DTE Energy and GE are investigating a broken wind turbine blade in Sigel Township, Mich. According to DTE Energy, a 48.7-meter blade broke on Friday, Feb. 19, during a period of high wind speeds.
“DTE Energy has not determined the root cause of the event at Sigel 29; an investigation into the cause is under way,” a DTE Energy spokesperson tells NAW. “We are in the process of finalizing plans with GE to safely remove the broken blade from Sigel 29, and we will conduct a thorough root cause analysis on the blade once it is safe and secure on the ground.”
DTE Energy tells NAW that Sigel 29 is one of 40 wind turbines at the 64 MW Sigel Wind Park, which went online on Dec. 21, 2012. Sigel Wind Park is one of three wind energy projects at the Thumb Wind Park, which has a total combined output of 110 MW. The DTE Energy spokesperson tells NAW that Sigel 29 will experience an “extended outage” as the company performs “extensive top-to-bottom” inspections of the entire turbine.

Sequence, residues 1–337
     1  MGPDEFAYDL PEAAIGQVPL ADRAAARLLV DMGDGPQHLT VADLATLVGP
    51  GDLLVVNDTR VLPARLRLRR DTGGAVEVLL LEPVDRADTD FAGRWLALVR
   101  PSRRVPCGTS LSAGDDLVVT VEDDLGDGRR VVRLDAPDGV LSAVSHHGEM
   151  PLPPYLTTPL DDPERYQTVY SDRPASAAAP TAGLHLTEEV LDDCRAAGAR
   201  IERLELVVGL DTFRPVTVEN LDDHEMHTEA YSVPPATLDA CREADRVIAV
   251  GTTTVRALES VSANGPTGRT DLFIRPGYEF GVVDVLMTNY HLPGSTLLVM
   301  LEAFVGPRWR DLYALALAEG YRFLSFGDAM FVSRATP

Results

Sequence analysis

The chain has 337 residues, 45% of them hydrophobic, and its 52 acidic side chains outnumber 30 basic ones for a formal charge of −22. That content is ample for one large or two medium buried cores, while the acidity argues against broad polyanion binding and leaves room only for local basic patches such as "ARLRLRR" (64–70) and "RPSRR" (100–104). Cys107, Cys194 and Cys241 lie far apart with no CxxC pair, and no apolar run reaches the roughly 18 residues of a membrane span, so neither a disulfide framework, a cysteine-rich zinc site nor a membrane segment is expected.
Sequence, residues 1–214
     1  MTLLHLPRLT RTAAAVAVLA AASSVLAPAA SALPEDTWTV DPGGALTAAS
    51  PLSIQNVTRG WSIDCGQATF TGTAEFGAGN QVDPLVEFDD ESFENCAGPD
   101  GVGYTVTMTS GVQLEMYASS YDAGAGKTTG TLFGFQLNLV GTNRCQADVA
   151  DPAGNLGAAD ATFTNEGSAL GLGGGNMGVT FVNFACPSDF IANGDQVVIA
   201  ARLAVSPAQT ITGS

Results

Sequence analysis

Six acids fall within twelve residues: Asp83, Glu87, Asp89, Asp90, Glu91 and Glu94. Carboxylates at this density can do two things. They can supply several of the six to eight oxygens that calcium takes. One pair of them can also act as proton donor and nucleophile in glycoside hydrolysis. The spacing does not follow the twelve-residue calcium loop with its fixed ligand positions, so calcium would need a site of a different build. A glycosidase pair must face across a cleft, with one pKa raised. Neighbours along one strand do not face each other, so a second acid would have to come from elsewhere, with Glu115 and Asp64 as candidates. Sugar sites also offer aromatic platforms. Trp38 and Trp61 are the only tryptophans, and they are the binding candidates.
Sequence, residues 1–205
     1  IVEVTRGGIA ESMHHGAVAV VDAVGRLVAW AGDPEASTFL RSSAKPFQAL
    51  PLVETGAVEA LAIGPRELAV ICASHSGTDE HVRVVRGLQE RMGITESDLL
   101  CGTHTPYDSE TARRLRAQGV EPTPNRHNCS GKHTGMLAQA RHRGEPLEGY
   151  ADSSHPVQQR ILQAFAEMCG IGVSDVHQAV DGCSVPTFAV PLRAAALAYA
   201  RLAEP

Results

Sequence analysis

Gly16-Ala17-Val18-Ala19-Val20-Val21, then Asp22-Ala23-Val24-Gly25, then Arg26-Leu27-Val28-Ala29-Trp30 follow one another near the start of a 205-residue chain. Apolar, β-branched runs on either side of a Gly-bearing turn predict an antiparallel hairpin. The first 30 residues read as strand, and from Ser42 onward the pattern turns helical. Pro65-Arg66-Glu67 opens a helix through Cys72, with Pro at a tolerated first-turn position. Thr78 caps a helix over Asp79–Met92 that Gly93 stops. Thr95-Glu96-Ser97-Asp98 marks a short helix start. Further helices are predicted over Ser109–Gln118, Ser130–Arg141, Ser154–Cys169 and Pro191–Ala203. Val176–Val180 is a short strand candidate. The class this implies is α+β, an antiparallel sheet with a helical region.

According to DTE Energy, wind speeds in the area during the blade failure were at 14.9 meters per second (m/s). A study conducted by the National Renewable Energy Laboratory in 2010 estimated average wind speeds in the area of the Thumb Wind Park to be between 6.5 m/s and 7.5 m/s.
DTE Energy also confirmed that the failed Sigel wind turbine is the same GE model 1.6-100 turbine that was involved in a blade failure at the nearby Echo Wind Park in 2013. However, the DTE Energy spokesperson added that there is “no evidence to date that suggests the Sigel 29 event is related to the Echo Wind Park blade issues in 2013.”